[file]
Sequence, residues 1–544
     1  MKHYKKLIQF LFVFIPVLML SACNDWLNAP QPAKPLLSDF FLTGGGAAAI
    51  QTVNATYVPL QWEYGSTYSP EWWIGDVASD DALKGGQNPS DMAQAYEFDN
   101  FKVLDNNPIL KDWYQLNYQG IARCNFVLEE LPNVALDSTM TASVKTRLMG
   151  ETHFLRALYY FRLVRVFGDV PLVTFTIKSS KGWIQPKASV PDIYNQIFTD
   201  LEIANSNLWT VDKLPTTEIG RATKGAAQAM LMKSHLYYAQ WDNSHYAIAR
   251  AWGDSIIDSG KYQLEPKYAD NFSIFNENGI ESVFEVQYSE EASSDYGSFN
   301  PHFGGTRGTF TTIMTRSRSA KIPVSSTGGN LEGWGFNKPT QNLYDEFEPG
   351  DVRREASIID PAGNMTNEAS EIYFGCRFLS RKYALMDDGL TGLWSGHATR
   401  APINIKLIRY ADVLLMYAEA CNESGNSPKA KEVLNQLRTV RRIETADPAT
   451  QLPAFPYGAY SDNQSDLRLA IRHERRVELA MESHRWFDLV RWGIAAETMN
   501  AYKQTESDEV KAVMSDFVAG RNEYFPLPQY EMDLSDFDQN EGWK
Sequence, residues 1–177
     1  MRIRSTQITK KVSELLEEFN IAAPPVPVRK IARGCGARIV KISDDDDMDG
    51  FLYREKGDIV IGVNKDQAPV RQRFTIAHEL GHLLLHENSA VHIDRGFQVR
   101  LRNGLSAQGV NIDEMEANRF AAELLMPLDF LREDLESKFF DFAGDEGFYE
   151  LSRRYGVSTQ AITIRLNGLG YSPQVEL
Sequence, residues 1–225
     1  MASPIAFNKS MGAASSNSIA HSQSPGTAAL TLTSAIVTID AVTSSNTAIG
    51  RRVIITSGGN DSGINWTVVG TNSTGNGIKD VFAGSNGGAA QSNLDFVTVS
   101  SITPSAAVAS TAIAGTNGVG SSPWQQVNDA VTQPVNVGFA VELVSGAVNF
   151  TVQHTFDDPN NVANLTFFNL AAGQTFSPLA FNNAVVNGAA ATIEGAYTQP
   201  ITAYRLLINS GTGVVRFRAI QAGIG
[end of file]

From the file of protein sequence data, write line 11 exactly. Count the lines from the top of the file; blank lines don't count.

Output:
   451  QLPAFPYGAY SDNQSDLRLA IRHERRVELA MESHRWFDLV RWGIAAETMN